11. Have other organizations used this technology? Please check one:  Yes     No If so, please list organizations and contacts.
North Dakota DOT Jerry
Minnesota DOT Curt
Iowa DOT Jim
Colorado DOT Ron
Wyoming DOT Mark
Payoff Potential (30 points)Payoff is defined as the combination of broad applicability and significant benefit or advantage over other currently available technologies.12. How does the technology meet customer or stakeholder needs in your State DOT or other organizations that have used it? MDSS addresses the meeds of maintenance managers to make best use of winter maintenance resources (manpower, equipment, and materials) and to provide the most effective yet attainable response to winter weather. For maintenance workers, MDSS provides advice on approaching weather conditions and guidance on effective maintenance treatments and timings. For the DOT's primary customers, the traveling public, MDSS addresses the need for timely and effective winter highway maintenance.
13. What type and scale of benefits has your DOT realized from using this technology? Include cost savings, safety improvements, transportation efficiency or effectiveness, environmental benefits, or any other advantages over other existing technologies. Benefits that have been realized include: more proactive and effective winter maintenance strategies, resulting in improved traveler safety and customer satisfaction; reduced use of deicing chemicals, resulting in lower costs and less environmental impact; better allocation of personnel and equipment resources, resulting in lower operational costs. The potential value of the benefits is enormous. Reductions in winter maintenance material and operational costs of 10-15% appear very achievable. Use of MDSS in other seasons could also save costly construction problems arising from unexpected unfavorable weather.
14. Please describe the potential extent of implementation in terms of geography, organization type (including other branches of government and private industry) and size, or other relevant factors. How broadly might the technology be deployed? MDSS could be productively deployed at both the state and local (county and municipal) level in any of the states that experience snow, freezing rain, frost, or other winter conditions. Potential coverage includes not only the northern tier states, but also the states with higher elevations. MDSS could also be used by private contractors who provide winter maintenance services for state or local highway departments.
Market Readiness (30 points)The TIG selection process will favor technologies that can be adopted with a reasonable amount of effort and cost, commensurate with the payoff potential.15. What actions would another organization need to take to adopt this technology? To use this technology, other transportation agencies would need to acquire and install the MDSS software. They would also need to provide basic information about their highway segments, their winter maintenance practices, and available resources so the MDSS could recommend appropriate treatment strategies. Maintenance supervisors and crews would require training, which has also been developed in the MDSS pooled fund study. Finally, states would want to consider staged deployment of automatic vehicle location on their winter maintenance equipment, to ultimately realize the full benefit of MDSS.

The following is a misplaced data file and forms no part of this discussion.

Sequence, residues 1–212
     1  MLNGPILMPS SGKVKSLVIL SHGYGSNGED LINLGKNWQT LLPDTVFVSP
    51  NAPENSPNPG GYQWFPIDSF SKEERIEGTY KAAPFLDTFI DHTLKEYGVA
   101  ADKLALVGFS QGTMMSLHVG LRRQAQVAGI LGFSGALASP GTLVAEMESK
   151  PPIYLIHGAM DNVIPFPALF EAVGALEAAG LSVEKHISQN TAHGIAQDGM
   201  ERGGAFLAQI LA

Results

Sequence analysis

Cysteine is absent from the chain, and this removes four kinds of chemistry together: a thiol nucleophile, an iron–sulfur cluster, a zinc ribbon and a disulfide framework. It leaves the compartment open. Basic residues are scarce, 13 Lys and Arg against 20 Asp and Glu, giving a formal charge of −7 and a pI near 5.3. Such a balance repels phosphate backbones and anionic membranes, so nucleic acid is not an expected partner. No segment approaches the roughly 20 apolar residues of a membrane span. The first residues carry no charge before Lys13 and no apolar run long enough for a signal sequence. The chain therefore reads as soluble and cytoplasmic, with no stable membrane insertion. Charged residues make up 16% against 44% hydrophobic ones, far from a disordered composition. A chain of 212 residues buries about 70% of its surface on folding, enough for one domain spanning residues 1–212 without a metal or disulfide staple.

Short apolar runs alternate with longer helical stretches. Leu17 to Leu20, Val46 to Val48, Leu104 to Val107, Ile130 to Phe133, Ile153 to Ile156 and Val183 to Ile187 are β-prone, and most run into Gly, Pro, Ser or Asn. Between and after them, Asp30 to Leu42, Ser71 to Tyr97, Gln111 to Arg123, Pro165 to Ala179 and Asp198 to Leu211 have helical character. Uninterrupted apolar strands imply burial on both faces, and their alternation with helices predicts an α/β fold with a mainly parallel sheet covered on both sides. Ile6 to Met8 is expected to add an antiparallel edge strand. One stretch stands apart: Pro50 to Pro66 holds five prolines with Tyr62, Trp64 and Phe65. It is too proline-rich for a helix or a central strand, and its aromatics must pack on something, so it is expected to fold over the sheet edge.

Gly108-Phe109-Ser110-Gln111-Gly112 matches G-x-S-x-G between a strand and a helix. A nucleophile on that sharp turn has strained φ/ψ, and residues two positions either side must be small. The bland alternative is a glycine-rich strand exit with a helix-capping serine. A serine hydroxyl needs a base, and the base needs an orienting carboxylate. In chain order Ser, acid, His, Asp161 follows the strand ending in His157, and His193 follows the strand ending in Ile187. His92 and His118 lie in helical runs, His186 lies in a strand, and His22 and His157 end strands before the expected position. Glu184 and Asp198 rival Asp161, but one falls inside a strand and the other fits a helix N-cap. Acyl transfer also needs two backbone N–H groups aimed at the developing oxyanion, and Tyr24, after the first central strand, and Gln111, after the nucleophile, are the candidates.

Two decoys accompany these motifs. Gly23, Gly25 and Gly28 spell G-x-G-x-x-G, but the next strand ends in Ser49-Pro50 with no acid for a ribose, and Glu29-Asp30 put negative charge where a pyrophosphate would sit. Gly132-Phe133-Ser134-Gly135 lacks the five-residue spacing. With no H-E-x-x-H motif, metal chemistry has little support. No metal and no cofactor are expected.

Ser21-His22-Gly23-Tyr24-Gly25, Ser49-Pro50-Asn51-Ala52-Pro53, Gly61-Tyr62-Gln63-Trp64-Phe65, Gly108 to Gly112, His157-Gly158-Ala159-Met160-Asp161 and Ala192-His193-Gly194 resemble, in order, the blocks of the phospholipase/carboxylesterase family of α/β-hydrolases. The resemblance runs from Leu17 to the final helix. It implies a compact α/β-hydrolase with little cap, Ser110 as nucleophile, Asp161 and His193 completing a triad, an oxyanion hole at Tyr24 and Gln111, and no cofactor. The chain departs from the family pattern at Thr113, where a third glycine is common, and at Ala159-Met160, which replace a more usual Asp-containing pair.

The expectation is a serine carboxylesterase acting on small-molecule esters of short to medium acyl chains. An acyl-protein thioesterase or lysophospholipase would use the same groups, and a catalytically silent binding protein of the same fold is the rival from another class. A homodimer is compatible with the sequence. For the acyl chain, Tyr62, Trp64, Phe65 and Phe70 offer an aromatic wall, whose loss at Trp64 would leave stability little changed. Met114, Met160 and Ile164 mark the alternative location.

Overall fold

16. What is the estimated cost, effort, and length of time required to deploy the technology in another organization? From the experience of the pooled fund states, it appears that staged deployment over a period of 2-4 years might be appropriate for most states. In the first year, MDSS would be acquired and set up for a number of pilot road segments. In the second year, MDSS would be expanded to larger geographical or organizational units (regions or districts). In the third year, statewide deployment could be targeted. Initial costs of software acquisition, installation, and configuration are estimated to be around $200-300K. Total deployment costs will depend upon the number of routes and maintenance units, and upon whether automatic vehicle location is used.
17. What resources—such as technical specifications, training materials, and user guides—are already available to assist deployment? Technical specifications, tutorials, and PowerPoint presentations are currently available. Comprehensive system documentation will be available by August 2007.
18. What organizations currently supply and provide technical support for the technology? The Maintenance Decision Support System developed in the pooled fund study is provided by Meridian Environmental Technology, Inc. of Grand Forks, ND. Other private entities also are working on similar systems based on the Functional Prototype MDSS, which is supplied by the Federal Highway Administration and the involved federal labs.
19. Please describe any legal, environmental, social, intellectual property, or other barriers that might affect ease of implementation. The only identified issue concerns ownership of the intellectual property developed in the pooled fund study. The pooled fund states, Meridian Environmental Technology, and the Federal Highway Administration are establishing a framework to: ensure the long-range technical viability of the MDSS product; provide equitable licensing terms to pooled fund participants as well as other transportation agencies; comply with federal regulations regarding assignment of intellectual property rights; and define an open software architecture that allows transportation agencies to bid and acquire MDSS components from multiple vendors. No legal, regulatory, or social risks have been identified during the course of this work.

Figure 1: MDSS Graphical User Interface showing winter storm conditions in Indiana

Figure 2: MDSS Graphical User Interface showing observed and predicted weather and road conditions